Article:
The financial sector: a culture of transparency?

July 11th, 2012

Cross-Posted with permission from Transparency International’s Space for Transparency blog.

The recent global financial crisis highlighted the need to broaden the discussion about regulation and oversight of the financial system. Transparency and related risk assessments of financial institutions have surged to the top of the agenda.

In our study on transparency and disclosure of measures for reducing corruption risk among the world’s largest companies published today, financial companies constitute the single largest industry sector. Among the 24 financial institutions in the survey there are 19 banks, four diversified financial service providers and one insurance company. They are incorporated in 11 different countries: six in the US, four in China, three in Australia, three in the UK, two in Canada and one in each of the following countries: Brazil, France, Germany, Japan, Spain and Switzerland.

We found that as a group, the financial companies are the least transparent of the companies surveyed. In the overall index, financial companies scored on average 4.2. One US and three Chinese companies are among the least transparent of the financial companies assessed. In fact, the financial industry underperformed the sample average in all three dimensions of the study.

The average result in reporting on anti-corruption programmes was 56 per cent, which is the lowest result among all industry groups. While this result reflects the fact that four Chinese banks occupied the last four positions, it is worth mentioning that the remaining financial companies were also below average.

Why the bad score? The reporting we measure is voluntary. Financial companies, although highly regulated, are generally free to choosethe level of public disclosure regarding their anti-corruption programmes.

Of particular concern in an industry that depends heavily on the use of agents and intermediaries, we found that financial companies do not report that their anti-corruption policies extend to such agents and intermediaries acting on their behalf. Nor do they report that they apply anti-corruption standards to other third parties with whom they do business, such as contractors an

d suppliers.  Facilitation payments are another issue that has rarely been addressed in public information by companies in the financial sector. And disclosure of policies on political contributions and any actual political contributions made is weak.

When it comes to disclosing subsidiaries and other holdings, the average result for the financial industry was 67 per cent as compared to 72 per cent for the sample population. Among the financial companies scoring in the top 10 in organizational transparency, there was not a single US financial institution.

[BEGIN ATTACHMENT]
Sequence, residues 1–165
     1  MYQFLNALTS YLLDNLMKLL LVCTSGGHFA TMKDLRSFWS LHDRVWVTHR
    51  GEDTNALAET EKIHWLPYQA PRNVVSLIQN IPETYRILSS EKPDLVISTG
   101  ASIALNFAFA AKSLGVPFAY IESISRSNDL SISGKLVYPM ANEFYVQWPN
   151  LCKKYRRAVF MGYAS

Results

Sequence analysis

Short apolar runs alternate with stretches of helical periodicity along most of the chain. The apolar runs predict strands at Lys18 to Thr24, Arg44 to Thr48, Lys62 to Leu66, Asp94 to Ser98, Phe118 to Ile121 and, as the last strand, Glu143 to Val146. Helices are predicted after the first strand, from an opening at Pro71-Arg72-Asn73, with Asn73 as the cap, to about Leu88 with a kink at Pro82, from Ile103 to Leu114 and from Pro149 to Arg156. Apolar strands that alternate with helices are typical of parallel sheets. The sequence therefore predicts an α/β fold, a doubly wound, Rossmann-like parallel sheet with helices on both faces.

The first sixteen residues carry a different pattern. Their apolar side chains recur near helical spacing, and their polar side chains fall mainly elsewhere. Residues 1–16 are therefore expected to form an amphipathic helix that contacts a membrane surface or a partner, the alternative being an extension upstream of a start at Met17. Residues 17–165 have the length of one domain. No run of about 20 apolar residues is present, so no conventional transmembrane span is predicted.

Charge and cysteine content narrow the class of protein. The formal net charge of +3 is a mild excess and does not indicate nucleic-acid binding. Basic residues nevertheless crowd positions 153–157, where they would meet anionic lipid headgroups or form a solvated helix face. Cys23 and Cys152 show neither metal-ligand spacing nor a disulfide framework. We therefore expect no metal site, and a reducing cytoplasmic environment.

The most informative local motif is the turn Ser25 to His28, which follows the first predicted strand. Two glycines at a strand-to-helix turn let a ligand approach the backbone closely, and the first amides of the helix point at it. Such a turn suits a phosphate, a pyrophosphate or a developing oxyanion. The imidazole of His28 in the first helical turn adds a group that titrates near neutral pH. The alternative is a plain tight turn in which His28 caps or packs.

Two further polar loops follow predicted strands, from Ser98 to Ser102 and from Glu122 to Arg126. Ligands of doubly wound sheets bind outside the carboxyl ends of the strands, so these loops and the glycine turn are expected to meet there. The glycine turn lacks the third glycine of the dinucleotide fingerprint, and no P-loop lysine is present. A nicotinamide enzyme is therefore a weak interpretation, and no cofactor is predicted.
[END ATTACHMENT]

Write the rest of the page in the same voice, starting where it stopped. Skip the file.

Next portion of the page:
The average result for financial companies on country-by-country reporting was a very low 2.3 per cent. The best performer, Banco Santander, received only 17.3 per cent. While reporting even less information, Allianz, Toronto-Dominion Bank, HSBC and Commonwealth Bank performed relatively well compared to their peers. Six other financial companies disclosed almost no information on a country-by-country basis, and the remaining 13 disclosed nothing at all in this dimension.

Transparency International strongly advocates for greater transparency in the financial sector. Multinational financial businesses, those that are ‘too big to fail’, play a critical role in ensuring the soundness of and confidence in the global economy. The results of this research indicate that these financial giants are not sufficiently transparent in reporting on anti- corruption programmes, organisational transparency or country-by-country reporting and should be playing a greater part in combating corruption.

In the context of risk management, regulators and investors must give appropriate consideration to the risks associated with corruption. Lack of transparency is a serious risk factor, giving rise not only to the potential for significant financial loss, but also reputational damage.  Investors and regulators should demand that companies provide them with the information they need to supervise their activities and make investment decisions that are consistent with their financial and ethical obligations and standards.

Furthermore, risk rating agencies as well as corporate responsibility indices should include transparency measures as an integral part of their evaluation process.  Anti-corruption programmes and transparency-enhancing measures lower the risk and incidence of corruption.  Ratings that fail to take into account transparency in reporting are at best incomplete and at worst unreliable.

When financial institutions fail to self-regulate, governmental regulators have an obligation to step in. And where voluntary or obligatory regulation fails, other constituencies, including investors and civil society, must raise their voices and demand greater transparency.

Read the special section of the report about the financial sector.

Written by Karen Egger

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